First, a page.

With withdrawal symptoms such as muscle aches and anxiety, quitting Heroin can be quite a challenge. Physicians who could help in dealing with this are available.
The user's tolerance to Heroin's effect is increased over time as the drug impacts the brain reward system.
Users will increasingly need higher doses in order to reach the same high as they previously experienced. Withdrawal symptoms set in when someone addicted to Heroin stops using it.
To avoid painful symptoms of withdrawal, people battling Heroin addiction often keep using it. The abuse of Heroin results in symptoms that are quite akin to those of pain relievers such as oxycodone and hydrocodone, albeit stronger.
Withdrawal from Heroin is normally more severe compared to prescription painkillers.
Signs Of Withdrawal
In just twelve hours from the last dose, abusers are likely to experience these symptoms. Opioids (like morphine) do almost the same function as Heroin withdrawal. The withdrawal effects set in earlier because Heroin escapes the body of the user quicker than painkillers do.
Withdrawal is said likened to a horrible case of the flu. The withdrawal effects continue for up to a week - about the same duration as a bad flu - they tend to peak on the second or third day.
Common withdrawal symptoms of Heroin include:
Lack of Sleep
How Long Does Withdrawal Last
A recovering user might also experience post-acute withdrawal symptoms depending on how much and how often they used.
The brain's chemical build-up can be altered by extended Heroin abuse. The impacts on one's mood and behaviour could stay for months after the withdrawal symptoms have abated. Some of the long-lasting symptoms may include anxiety, fatigue, depression, insomnia and irritability.
A number of factors will determine the duration of withdrawal from Heroin. The quantity of the drug and the duration over which it was taken may affect the length of the withdrawal period.
As soon as 6 hours after the last dose, symptoms may begin. Pain commences on the first day and manifests as muscular aches. These will become more intense for the following 48 hours. The other symptoms that will be experienced during this time are anxiety, insomnia, panic attacks, shaking as well as diarrhoea.
The withdrawal tends to peak around the third or fourth day. During this period symptoms often include abdominal cramping, sweating, shivers and nausea / vomiting.
A week is basically the end of what is referred to as acute withdrawal. The common muscle aches and nausea will fade away during this time. Former users will start to feel more normal but still worn down and physically tired.
Once the acute withdrawal effects are gone, there can still be indications of withdrawal that may persist for months. These usually occur from the neurological changes brought about from Heroin use. Long-lasting common symptoms include depression, insomnia, irritability, and anxiety.
Withdrawing From Heroin
Withdrawal effects can be controlled by the atmosphere made available by Heroin Detox.
When there is no appropriate clinical care, the patient may become gravely ill due to sudden emergence of Heroin withdrawal effects. Severe dehydration is possible for those suffering from withdrawal. They could even end up asphyxiating on their stomach contents as a result of vomiting and inhaling stomach contents.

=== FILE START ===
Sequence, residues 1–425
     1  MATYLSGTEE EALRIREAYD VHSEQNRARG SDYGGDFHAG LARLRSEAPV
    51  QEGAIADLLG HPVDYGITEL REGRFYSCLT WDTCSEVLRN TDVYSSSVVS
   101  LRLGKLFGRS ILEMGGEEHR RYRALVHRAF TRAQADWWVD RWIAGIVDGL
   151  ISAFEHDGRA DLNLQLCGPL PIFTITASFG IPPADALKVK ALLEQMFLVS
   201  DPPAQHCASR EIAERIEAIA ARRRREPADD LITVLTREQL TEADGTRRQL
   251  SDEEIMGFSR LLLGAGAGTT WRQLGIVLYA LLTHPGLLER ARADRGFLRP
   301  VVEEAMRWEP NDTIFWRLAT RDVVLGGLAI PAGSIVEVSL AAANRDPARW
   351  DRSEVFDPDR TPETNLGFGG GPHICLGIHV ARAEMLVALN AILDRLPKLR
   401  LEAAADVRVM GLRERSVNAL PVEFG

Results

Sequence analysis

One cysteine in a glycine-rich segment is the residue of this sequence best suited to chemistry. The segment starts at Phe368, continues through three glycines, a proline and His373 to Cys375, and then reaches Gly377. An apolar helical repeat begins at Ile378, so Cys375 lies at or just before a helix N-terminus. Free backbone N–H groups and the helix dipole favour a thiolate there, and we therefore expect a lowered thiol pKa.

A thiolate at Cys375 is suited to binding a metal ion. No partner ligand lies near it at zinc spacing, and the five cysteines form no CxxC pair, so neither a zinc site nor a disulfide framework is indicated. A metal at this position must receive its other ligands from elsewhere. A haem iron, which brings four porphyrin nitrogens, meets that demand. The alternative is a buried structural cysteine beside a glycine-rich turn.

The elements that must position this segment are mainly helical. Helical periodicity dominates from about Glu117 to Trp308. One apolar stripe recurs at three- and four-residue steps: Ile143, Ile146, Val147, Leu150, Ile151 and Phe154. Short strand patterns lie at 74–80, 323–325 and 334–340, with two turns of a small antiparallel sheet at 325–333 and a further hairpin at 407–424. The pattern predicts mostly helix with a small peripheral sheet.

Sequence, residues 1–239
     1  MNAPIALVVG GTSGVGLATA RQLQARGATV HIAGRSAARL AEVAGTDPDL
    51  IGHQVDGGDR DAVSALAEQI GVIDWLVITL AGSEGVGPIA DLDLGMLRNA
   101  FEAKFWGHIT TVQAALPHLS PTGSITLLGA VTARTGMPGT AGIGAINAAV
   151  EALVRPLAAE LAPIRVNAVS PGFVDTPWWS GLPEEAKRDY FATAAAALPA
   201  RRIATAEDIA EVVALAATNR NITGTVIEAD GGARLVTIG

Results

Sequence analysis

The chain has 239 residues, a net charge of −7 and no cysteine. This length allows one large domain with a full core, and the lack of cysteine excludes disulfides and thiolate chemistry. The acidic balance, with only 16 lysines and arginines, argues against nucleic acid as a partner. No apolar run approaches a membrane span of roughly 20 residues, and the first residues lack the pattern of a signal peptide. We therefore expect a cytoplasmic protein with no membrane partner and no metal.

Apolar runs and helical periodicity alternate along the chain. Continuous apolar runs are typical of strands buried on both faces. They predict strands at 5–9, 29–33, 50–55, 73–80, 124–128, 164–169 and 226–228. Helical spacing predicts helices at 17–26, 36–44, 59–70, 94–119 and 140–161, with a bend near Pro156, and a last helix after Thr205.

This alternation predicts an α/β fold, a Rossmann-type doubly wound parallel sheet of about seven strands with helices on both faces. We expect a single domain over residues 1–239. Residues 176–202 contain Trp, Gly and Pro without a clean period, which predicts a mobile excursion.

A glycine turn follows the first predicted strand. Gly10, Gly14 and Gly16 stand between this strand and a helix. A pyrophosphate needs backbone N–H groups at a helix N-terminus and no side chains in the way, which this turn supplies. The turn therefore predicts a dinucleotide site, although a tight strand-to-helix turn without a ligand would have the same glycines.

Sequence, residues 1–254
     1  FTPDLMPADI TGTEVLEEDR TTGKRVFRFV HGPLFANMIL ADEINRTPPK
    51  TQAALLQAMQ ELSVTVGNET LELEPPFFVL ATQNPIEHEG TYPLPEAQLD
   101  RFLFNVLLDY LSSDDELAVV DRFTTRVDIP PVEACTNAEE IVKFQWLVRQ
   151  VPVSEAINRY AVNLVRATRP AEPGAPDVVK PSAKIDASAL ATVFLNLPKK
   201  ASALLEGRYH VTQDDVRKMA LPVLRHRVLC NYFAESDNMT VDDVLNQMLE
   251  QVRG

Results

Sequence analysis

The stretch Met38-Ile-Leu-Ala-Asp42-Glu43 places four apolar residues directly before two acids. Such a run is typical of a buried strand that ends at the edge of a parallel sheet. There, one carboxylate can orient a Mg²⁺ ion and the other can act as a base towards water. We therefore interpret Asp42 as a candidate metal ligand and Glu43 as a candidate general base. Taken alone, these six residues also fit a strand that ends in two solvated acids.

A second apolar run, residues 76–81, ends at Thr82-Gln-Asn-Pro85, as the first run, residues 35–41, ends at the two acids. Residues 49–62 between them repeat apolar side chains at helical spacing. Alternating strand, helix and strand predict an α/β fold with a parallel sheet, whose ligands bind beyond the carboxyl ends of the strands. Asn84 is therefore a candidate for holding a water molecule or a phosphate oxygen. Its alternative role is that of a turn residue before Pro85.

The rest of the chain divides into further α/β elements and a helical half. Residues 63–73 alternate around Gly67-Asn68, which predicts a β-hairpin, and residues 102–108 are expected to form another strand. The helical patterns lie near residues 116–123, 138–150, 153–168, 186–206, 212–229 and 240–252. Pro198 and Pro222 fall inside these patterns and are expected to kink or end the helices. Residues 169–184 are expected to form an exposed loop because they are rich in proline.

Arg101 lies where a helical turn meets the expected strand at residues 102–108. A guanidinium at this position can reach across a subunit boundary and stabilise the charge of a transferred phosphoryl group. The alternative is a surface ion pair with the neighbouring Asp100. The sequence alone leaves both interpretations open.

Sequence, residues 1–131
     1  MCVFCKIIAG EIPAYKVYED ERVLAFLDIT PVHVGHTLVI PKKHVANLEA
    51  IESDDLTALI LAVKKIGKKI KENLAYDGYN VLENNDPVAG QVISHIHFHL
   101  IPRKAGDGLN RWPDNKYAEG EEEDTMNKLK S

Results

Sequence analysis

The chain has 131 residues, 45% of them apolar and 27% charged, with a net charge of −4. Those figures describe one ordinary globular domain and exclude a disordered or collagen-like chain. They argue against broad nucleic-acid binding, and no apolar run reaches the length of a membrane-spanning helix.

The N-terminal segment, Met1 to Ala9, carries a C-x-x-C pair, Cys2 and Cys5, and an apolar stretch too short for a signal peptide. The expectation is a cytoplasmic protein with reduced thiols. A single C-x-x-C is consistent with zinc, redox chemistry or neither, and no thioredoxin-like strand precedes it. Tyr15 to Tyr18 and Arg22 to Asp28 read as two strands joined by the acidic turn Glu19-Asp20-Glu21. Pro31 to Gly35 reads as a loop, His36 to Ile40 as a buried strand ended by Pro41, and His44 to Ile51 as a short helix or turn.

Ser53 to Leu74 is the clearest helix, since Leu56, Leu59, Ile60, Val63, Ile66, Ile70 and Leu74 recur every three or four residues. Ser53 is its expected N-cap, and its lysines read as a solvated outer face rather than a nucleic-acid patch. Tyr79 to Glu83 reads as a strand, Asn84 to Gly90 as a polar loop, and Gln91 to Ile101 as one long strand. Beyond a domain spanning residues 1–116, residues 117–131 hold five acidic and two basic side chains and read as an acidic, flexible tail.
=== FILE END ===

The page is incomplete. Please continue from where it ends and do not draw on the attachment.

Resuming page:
For this reason, it is majority recommended that one uses a supervised medical detox.
Psychological withdrawal symptoms like anxiety and depression are watched by doctors in inpatient programs. During the withdrawal process, it is also possible to injure yourself or relapse. The risk of either complication occurring is reduced by Heroin detox.
Medications Used In Detoxification
Drugs to ease withdrawal symptoms can be prescribed by inpatient and outpatient drug rehab clinicians. These drugs reduce cravings and reduce the likelihood of experiencing post acute withdrawal symptoms.
This drug helps in reducing the use of Heroin gradually and is a much milder opiate compared to Heroin.
This is one of the Heroin withdrawal drugs that is most frequently prescribed.
It minimizes physical symptoms and cravings such as muscular aches and vomiting.
Naltrexone also reduces Heroin cravings.
The brain receptors that create the same effect as Heroin are hindered by this drug.
This tricks the brain into believing that it has no use for the addictive drug.
Heroin Withdrawal Therapy
Heroin addiction is hard to quit due to the withdrawal process. However, overcoming your addiction to Heroin is possible. There are drug rehab centres which provide inpatient as well as outpatient recovery programs aimed at Heroin detox.
It is easier to recover from higher levels of addiction in a treatment centre since you'll be monitored around the clock by doctors and you'll also have access to various forms of treatment.
Continuous medical examination and psychotherapy is advised for non-admitted patients. Although outpatients are allowed to partake in their recovery program at home, it's not very easy to maintain sober while taking treatment alone.
Making the decision to give up Heroin is a major step regardless of whether you're doing it at home or in a treatment facility. Specialists for addiction treatment are available to help you avoid relapse and to treat withdrawal. Find the treatment near you and get help now.